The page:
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Lolita (#110 of 6)

AFI Fest 2012: Everybody’s Got Somebody…Not Me and Not in Tel Aviv

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AFI Fest 2012: <em>Everybody’s Got Somebody…Not Me</em> and <em>Not in Tel Aviv</em>
AFI Fest 2012: <em>Everybody’s Got Somebody…Not Me</em> and <em>Not in Tel Aviv</em>

“We never love someone. We just love the idea we have of someone.” Those words from poet Fernando Pessoa are surely ones that Alejandra (Andrea Portal) is familiar with, though she might be loath to admit their truth. Everybody’s Got Somebody…Not Me, the debut feature from Mexican writer-director Raúl Fuentes, follows Alejandra’s turbulent affair with high schooler María (Naian Daeva), whose schoolgirl-in-sunglasses vibe hints at the shades of Lolita undergirding the story. For her part, Alejandra is in that vein of Nabokovian intellectual, a highly cultured literary editor and an aesthete who contemplates María as one would a roughly hewn art object: full of life and energy, but waiting to be refined. Their relationship is defined by its contrasts: Alejandra busts out her portable CD player in a Wendy’s to listen to the Cure and still uses a paper address book when she has a perfectly workable cellphone. María is, of course, a teenager.

The Real Tuesday Weld

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The Real Tuesday Weld
The Real Tuesday Weld

Tuesday Weld will not be attending the Film Society of Lincoln Center’s retrospective “American Girl: Tuesday Weld,” running from September 21—25, which will showcase 10 performances by the unconventional actress. Weld hasn’t made a public appearance in more than a decade. Perhaps she’s gone into self-imposed exile a la Marlene Dietrich, wanting to preserve the public’s memory of the brazen, luminous beauty that made her an icon of the ’60s and turned the heads of everyone from Elvis Presley to Pinchas Zukerman. But then again, Weld has made a career of not giving the public what they want, or expect.

From the time she first entered America’s consciousness in the ’50s sitcom The Many Loves of Dobie Gillis, it was obvious that Weld was different from the Sandra Dees of the world, and not just because of her improbable first name. Weld’s apple-pie looks hid a dark, dangerous undercurrent. In her characters, sex and violence were inevitably linked. Her persona was innocent yet amoral—a fille fatale. Weld was Kubrick’s first choice for Lolita, but she turned him down, later claiming “I didn’t have to play it. I was Lolita.”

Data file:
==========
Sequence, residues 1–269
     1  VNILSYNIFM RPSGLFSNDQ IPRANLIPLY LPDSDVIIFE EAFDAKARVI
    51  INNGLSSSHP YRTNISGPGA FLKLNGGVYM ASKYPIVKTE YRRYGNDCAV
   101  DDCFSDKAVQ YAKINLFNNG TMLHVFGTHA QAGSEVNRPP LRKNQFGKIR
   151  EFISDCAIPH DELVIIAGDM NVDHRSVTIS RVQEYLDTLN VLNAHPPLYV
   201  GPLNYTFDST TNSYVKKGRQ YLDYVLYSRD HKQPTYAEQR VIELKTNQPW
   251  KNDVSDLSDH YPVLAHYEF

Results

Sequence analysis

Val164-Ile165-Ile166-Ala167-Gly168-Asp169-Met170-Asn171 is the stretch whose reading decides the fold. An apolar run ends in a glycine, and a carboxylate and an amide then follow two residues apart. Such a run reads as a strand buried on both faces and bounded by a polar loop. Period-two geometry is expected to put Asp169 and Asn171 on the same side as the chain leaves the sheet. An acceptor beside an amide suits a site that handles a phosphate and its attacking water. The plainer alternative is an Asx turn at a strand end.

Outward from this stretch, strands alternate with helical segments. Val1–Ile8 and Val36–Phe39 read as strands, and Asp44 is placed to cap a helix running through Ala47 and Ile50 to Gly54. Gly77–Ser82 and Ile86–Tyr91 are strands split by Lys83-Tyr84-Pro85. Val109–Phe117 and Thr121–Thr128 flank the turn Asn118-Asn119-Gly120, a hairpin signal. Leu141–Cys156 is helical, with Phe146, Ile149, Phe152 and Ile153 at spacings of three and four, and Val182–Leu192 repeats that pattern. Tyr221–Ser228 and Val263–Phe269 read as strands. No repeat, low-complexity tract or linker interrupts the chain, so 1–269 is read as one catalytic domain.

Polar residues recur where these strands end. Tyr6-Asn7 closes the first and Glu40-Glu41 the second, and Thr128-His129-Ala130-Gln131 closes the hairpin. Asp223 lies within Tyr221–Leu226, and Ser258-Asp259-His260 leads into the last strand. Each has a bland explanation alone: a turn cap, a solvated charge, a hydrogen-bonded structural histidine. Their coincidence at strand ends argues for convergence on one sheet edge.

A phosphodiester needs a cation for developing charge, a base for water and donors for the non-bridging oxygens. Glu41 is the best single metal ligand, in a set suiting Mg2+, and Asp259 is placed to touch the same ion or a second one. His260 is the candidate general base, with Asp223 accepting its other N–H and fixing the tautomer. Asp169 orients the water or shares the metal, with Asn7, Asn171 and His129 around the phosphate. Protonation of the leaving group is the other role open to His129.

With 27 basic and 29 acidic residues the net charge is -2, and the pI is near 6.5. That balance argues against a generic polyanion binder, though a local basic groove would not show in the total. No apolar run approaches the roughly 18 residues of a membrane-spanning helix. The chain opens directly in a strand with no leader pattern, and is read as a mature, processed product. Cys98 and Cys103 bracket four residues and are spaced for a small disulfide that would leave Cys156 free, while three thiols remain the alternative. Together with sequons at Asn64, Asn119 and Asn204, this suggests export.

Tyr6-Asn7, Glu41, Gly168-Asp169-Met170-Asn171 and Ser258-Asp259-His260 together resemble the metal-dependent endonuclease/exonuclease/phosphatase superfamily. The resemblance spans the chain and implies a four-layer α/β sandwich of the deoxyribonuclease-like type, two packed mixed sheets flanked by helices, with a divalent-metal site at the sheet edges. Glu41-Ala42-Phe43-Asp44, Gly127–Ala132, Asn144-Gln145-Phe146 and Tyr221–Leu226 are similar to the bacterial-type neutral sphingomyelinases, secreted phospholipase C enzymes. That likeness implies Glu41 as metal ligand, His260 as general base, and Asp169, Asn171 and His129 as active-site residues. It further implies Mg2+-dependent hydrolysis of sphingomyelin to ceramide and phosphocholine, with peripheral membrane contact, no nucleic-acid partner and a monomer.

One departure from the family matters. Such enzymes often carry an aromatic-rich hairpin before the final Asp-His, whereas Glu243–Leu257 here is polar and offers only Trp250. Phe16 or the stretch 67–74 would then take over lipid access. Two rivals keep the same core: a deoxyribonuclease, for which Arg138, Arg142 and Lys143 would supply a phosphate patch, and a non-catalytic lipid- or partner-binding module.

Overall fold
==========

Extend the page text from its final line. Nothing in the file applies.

5 for the Day: James Mason

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5 for the Day: James Mason
5 for the Day: James Mason

In Sheridan Morley’s biography of James Mason, practically all of his co-stars described him as a quietly unhappy man, restless, ill at ease, indecisive, a skittish pacifist, and a classic loner. He could be driven to physical violence if provoked, and this aggressive streak was mined in the trashy Gainsborough costume films that first made him a star in Britain in the forties, where he played brutes who gave raven-haired Margaret Lockwood “a good thrashing.” To quote Shaw’s Henry Higgins, Mason had thick lips to kiss you with and thick boots to kick you with, and he could have relaxed into easy stardom in this mode, but he was ambitious for more meaningful work than he could find in the impoverished British cinema. He went to Hollywood in the late forties; always too opinionated for his own good, Mason never quite established himself as a star player, but he managed to make a large and varied impact on some of the finest films of his time. He generally brought a kind of heightened immediacy and intensity to his scenes, letting off flares of irritation, bitchery, anguish and menace that worked best in short-ish takes, so that unlike many actors of his country and generation he was not a man of the theater but totally a man of the cinema.